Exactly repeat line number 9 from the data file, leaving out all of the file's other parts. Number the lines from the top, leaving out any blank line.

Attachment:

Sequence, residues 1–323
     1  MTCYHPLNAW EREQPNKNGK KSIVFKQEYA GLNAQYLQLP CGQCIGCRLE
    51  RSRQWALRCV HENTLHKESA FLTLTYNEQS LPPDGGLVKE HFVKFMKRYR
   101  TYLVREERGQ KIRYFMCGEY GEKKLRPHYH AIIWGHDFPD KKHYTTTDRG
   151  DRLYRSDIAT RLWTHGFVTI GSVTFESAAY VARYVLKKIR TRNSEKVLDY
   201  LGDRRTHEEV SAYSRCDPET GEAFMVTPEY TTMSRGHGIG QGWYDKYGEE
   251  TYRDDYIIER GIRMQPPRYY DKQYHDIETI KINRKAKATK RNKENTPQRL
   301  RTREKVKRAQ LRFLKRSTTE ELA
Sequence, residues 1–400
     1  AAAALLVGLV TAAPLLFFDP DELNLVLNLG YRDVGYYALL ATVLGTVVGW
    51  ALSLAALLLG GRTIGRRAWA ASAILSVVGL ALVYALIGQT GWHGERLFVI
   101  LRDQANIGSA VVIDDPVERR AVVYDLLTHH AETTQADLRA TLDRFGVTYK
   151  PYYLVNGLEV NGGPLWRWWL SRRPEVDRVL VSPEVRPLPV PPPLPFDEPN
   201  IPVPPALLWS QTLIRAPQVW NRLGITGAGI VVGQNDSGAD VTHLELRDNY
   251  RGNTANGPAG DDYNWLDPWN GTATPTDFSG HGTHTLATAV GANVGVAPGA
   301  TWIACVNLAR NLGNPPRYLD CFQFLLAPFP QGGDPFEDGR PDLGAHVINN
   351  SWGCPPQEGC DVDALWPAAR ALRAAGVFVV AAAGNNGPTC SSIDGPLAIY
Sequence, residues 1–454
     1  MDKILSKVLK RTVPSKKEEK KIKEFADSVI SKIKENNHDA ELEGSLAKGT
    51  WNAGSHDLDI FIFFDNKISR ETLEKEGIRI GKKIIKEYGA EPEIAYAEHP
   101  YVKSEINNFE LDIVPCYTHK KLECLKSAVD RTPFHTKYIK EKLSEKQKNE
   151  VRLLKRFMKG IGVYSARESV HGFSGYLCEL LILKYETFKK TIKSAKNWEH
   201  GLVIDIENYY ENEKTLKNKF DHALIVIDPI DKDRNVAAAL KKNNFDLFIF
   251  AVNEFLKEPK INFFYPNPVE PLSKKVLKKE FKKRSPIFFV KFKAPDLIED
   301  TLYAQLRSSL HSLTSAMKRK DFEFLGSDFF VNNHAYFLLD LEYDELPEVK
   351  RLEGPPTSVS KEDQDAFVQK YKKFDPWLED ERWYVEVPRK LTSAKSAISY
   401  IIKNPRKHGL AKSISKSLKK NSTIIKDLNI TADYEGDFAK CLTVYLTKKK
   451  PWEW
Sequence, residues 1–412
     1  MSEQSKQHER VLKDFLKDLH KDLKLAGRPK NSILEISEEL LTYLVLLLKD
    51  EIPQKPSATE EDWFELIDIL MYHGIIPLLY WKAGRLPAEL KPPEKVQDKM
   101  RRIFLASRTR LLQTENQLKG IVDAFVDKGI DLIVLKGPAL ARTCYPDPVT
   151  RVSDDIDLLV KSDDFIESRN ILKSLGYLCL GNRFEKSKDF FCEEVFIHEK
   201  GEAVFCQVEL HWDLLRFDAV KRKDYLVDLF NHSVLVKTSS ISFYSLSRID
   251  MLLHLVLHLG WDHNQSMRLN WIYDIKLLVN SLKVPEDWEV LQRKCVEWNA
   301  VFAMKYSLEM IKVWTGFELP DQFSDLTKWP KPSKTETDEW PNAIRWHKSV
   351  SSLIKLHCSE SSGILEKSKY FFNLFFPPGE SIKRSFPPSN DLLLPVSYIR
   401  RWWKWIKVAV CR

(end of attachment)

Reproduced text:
Sequence, residues 1–400